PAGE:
However, other deities must also have been worshipped on St. Anthony’s Hill: this is attested by not a few sometimes-inscribed ex votos, which refer to Hercules Augustus and Spes Augusta, as well as Dionysus and Timavus himself. For example, a marble altar (I century AD) had been offered by an inhabitant of Oderzo who had come here either for treatment or for work: “Sacred to Hercules Augustus, Caius Curius Quintianus, of Oderzo, has dissolved the vow” (Hercul[i] / Aug(usto) / sac(rum) / C(aius) Curiu[s] / Quintianu[s] / Opiterginu[s] / v(otum) s(olvit) l(ibens) m(erito): I.It X, 4, 322 = I.Aq. 1, 217 = AE 1926, 106; Cuscito 1976, 51).
Instead, four inscriptions dating between the Augustan age and the III century AD refer to Spes Augusta, which seems traceable to requests for health or more general protection. In one case the ex voto says nothing about the dedicator (it is a marble altar dated to the Augustan age: Spei / Aug(ustae) sac(rum) / [p]ro sa[lute - - -]: “Sacred to Spes Augusta, for salvation----”: AE 1926, 107 = I.It. X 4, 327), while in two cases these are votives left by military personnel, who invoked the protection of Spes for themselves or their relatives. Sacchonius Varro left writing: “To Spes Augusta, Caius Sacchonius Varro, tribune of the I militia cohort of Dalmatians, dissolved the vow” (Spei Aug(ustae) / C(aius) Saccon/ius Varr/o trib(unus) co/h(ortis) I mil(l)ia/riae Del/mataru/m v(otum) s(olvit): III century AD, CIL V, 707 = I.It X, 4, 326; Cuscito 1976, 50). Auconius Optatus, a native perhaps of a small town in Noricum (Aguntum), dedicated a votive gift for his son, who had been initiated into a military career: “To Spes Augusta, Auconius Optatus, awarded the public horse, decurion and duovir of Claudia of Aguntum, for the salvation of his son Titus Auconius Optatus, a Roman knight, has willingly dissolved his vow” (Spei Aug(ustae)/ [- - -] Auconius / Optatus eq(uo) p(ublico) / dec(urio) et IIvir Cl(audiae) Ag(unti) / pro salute / T(iti) Auconi Optati / fili(i) sui equit(is) Rom(ani) / v(otum) s(olvit) l(ibens) m(erito): II century AD, CIL V, 708 = I.It X, 4, 325 = EQNoricum A, 3; Cuscito 1976, 50).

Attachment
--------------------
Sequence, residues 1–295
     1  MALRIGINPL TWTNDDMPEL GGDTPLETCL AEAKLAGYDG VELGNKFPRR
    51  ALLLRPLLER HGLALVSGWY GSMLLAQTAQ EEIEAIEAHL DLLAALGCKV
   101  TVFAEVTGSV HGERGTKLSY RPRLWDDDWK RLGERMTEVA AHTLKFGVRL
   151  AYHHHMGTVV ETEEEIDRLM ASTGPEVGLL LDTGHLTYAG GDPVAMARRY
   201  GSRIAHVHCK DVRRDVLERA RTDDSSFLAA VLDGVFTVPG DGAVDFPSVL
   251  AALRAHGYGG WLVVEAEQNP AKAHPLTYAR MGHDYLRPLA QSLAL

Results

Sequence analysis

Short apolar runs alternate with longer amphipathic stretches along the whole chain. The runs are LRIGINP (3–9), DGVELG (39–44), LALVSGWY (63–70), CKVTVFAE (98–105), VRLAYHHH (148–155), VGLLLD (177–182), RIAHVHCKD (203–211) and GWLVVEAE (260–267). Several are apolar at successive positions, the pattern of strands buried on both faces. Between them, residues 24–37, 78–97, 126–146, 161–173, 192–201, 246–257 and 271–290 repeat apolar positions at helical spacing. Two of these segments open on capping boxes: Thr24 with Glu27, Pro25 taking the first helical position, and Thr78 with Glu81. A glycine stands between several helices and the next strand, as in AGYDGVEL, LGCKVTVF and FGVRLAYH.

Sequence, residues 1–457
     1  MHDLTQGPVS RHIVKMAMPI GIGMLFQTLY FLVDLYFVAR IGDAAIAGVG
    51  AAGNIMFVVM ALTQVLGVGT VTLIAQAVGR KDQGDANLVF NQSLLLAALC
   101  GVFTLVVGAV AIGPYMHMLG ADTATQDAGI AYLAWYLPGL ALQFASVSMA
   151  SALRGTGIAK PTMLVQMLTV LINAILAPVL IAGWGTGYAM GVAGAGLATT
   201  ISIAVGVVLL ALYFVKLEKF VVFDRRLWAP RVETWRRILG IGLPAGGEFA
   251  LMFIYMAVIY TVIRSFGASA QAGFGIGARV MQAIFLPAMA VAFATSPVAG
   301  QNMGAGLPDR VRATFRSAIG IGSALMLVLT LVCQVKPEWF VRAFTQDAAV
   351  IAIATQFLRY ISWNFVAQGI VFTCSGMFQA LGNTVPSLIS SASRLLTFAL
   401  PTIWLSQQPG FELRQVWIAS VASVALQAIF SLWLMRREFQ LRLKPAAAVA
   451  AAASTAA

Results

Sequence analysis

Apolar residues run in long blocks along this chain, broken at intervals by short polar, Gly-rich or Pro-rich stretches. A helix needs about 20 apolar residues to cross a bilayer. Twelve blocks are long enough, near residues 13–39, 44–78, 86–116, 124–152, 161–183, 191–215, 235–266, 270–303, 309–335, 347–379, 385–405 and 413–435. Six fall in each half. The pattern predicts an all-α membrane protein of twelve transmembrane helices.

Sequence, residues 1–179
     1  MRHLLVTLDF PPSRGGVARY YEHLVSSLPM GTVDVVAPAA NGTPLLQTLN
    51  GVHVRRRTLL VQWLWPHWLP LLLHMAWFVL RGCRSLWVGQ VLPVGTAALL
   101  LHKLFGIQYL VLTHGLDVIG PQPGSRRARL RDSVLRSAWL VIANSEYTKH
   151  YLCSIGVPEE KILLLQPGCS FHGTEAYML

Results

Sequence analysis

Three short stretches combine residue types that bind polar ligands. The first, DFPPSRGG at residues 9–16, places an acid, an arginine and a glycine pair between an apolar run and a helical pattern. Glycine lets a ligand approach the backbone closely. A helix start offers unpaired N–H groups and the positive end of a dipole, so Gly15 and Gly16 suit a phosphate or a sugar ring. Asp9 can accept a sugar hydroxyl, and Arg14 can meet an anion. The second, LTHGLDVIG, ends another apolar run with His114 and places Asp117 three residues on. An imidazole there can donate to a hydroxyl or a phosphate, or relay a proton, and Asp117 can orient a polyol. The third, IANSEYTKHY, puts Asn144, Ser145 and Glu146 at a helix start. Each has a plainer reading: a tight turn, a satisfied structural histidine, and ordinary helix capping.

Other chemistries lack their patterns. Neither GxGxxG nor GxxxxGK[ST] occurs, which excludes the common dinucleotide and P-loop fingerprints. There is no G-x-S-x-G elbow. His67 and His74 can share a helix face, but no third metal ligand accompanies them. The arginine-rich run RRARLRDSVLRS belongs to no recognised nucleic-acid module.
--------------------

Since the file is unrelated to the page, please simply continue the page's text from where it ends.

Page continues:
Instead, a final ex voto was dedicated by a woman, a certain Iulia Stratonicia, to a worker in service of the imperial household and another personage: “Sacred to Spes Augusta, for the salvation of Aquilinus, factor of the two Augusti and Tiberius Iulius Aquilinus, Iulia Stratonicia has dissolved the vow” (Spei Aug(ustae) / s(acrum) pro sal(ute) / Aquilini vilici Aug(ustorum duorum) / et Ti(berii) Iuli / Aquilini / Iulia Stratonic(e) / v(otum) s(olvit): second half of the II cent AD, CIL V, 706 = I.It X, 4, 324 = = I.Aq. 1, 358; Cuscito 1976, 49).